…Like Lagemann and Lewis, Kiziltepe (2010) argued that the purpose of higher education is to develop five dispositional outcomes at the completion of a college degree: (a) interpersonal competence, (b) multi-cultural understanding, (c) skills in problem identification and problem solving, (d) a sense of purpose, and (e) the confidence to act in ways that make a difference.

Similarly, Nussbaum (2012) suggested that the purpose of higher education is to provide students with generic skills and dispositions such as, “the ability to think critically; the ability to transcend local loyalties and to approach world problems as a ‘citizen of the world’; and, finally, the ability to imagine sympathetically the predicament of another person”


Obviously the purposes of education are multi-faceted, and depend on the context of the degree and goals of learning.  However, in terms of people working as parents for some time in their lives, elevating the role of the mother in society as one worthy of an educated women and esteemed highly on a par with other work women also do outside the home would surely go some way to helping the chronically low fertility rates in so much of the world.  Many of the German women in the above-mentioned study obviously didn’t feel that society regards motherhood as high on the list of worthy and esteemed vocations, yet this work shapes our future citizens. 

If education is in part to ‘improve the conditions of society at large’, to develop ‘the confidence to act in ways that make a difference’, and to have the ability to ‘approach world problems as a ‘citizen of the world’ then mothers should not feel their education is being wasted.  Being a thinking person who is able to participate thoughtfully in public debate and discussion and teach children effectively both virtue and knowledge so that they might become well-adjusted citizens is surely one aim of education.  I hasten to add that we have often discussed on this blog the many economic benefits of parental work, not least the raising of sorely needed future tax-paying citizens. The work that motherhood and fatherhood involves is a worthy use of countless skills, both practical and otherwise.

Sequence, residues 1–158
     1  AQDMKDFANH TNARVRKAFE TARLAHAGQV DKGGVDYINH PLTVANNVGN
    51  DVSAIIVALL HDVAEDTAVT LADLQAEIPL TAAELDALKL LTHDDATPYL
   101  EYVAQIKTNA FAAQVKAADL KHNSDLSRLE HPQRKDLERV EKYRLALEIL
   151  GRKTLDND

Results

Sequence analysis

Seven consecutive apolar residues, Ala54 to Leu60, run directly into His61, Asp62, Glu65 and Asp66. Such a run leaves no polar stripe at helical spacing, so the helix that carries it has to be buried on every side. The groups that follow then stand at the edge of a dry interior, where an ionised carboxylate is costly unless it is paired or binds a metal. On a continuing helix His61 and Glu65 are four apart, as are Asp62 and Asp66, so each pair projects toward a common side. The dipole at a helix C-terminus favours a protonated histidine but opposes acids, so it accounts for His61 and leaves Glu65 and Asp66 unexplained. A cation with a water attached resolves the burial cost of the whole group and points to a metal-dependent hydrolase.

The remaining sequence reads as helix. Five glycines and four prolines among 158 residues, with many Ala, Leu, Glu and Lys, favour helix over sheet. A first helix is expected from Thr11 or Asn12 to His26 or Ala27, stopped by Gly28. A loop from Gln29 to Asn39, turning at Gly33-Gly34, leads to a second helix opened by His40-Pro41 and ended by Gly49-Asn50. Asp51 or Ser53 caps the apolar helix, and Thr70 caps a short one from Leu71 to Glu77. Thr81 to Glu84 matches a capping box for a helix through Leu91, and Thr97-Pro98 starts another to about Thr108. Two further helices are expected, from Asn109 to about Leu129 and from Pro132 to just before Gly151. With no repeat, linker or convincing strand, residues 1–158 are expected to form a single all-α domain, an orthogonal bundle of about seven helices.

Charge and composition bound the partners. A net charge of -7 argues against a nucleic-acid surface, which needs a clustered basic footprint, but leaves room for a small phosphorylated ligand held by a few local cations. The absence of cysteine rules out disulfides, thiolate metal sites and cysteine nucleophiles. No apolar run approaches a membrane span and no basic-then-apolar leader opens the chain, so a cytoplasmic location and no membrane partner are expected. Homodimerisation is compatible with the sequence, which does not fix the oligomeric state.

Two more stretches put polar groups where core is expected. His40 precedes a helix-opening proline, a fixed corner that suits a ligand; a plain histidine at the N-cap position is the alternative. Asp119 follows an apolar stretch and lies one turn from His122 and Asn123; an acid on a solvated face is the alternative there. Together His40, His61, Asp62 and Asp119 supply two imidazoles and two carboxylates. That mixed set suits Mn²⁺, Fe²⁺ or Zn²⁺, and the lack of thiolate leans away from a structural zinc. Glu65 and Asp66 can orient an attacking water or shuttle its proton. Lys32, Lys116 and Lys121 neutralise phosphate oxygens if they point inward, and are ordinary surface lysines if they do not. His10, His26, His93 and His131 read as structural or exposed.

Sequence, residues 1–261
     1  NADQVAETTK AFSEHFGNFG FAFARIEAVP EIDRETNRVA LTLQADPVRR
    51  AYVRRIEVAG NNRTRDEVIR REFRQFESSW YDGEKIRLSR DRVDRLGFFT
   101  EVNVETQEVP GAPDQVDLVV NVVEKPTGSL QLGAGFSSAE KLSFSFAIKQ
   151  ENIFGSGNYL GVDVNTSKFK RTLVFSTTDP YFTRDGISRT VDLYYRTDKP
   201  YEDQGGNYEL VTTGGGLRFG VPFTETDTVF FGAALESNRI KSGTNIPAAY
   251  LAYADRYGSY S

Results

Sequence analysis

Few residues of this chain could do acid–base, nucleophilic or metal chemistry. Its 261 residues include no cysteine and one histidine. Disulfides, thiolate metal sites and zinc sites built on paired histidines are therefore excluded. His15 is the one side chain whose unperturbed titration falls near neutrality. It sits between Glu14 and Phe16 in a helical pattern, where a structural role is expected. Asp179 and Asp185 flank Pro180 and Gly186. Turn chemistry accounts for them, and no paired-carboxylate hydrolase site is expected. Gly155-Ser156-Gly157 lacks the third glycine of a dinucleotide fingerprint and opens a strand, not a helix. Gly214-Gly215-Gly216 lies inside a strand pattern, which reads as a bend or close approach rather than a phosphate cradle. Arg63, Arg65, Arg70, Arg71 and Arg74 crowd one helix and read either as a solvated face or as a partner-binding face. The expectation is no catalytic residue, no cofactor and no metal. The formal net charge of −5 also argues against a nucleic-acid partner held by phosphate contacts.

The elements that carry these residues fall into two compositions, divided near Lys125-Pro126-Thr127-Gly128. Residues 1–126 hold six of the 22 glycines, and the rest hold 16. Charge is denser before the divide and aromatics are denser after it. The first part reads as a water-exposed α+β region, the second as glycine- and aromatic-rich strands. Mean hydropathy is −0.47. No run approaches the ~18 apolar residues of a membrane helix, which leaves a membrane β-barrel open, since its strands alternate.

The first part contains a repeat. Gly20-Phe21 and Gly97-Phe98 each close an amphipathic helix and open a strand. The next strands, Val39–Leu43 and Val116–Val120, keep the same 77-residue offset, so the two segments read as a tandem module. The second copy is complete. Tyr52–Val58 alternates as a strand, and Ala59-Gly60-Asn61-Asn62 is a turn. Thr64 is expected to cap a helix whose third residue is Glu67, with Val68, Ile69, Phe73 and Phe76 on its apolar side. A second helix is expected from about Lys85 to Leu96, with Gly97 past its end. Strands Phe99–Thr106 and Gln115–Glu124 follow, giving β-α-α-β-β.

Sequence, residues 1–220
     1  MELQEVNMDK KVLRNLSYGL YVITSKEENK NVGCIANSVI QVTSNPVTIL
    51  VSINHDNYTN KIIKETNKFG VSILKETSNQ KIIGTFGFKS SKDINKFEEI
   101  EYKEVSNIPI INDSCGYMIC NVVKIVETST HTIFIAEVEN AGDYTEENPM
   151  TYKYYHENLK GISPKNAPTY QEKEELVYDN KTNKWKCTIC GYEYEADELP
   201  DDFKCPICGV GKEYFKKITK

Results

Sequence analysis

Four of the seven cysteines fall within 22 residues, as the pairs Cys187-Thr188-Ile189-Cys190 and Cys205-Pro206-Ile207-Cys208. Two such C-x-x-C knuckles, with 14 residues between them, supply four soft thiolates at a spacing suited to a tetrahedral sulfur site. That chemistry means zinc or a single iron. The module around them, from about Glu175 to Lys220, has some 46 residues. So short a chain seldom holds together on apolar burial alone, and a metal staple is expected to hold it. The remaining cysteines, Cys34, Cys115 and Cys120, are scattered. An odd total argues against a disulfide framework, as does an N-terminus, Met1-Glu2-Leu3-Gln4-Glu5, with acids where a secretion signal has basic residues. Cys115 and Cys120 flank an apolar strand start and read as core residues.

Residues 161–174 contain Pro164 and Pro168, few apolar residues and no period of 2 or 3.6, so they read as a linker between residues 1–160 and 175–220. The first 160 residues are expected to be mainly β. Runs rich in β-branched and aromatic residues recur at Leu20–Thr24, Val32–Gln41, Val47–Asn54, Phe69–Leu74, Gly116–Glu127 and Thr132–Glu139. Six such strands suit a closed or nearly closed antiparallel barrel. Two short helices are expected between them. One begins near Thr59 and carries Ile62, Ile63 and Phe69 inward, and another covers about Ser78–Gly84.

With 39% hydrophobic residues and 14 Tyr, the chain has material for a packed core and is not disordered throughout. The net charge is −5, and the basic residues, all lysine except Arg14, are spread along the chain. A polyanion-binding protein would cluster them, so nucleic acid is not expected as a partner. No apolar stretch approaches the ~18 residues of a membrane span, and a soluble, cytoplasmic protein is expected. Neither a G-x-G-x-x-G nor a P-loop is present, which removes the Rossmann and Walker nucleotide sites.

There is also an argument to be made that women should be encouraged to think more about the sort of balance they would like in their lives in secondary school, before embarking on their desired education or career path.  An article I wrote back in June reported that: “Professor Nargund, a lead consultant for reproductive medicine at St George’s Hospital in London, was moved to write to Education Secretary Nicky Morgan [earlier this year] about the importance of fertility education not only for the benefit of women themselves, but also wider society and “the public purse”.  She strongly suggested fertility knowledge be included on the national curriculum, stating that “educated women are not necessarily educated about their fertility”.

Shannon Roberts

Shannon Roberts is co-editor of MercatorNet's blog on population issues, Demography is Destiny. While she has a background as a barrister, writing has been a life-long passion and she has contributed...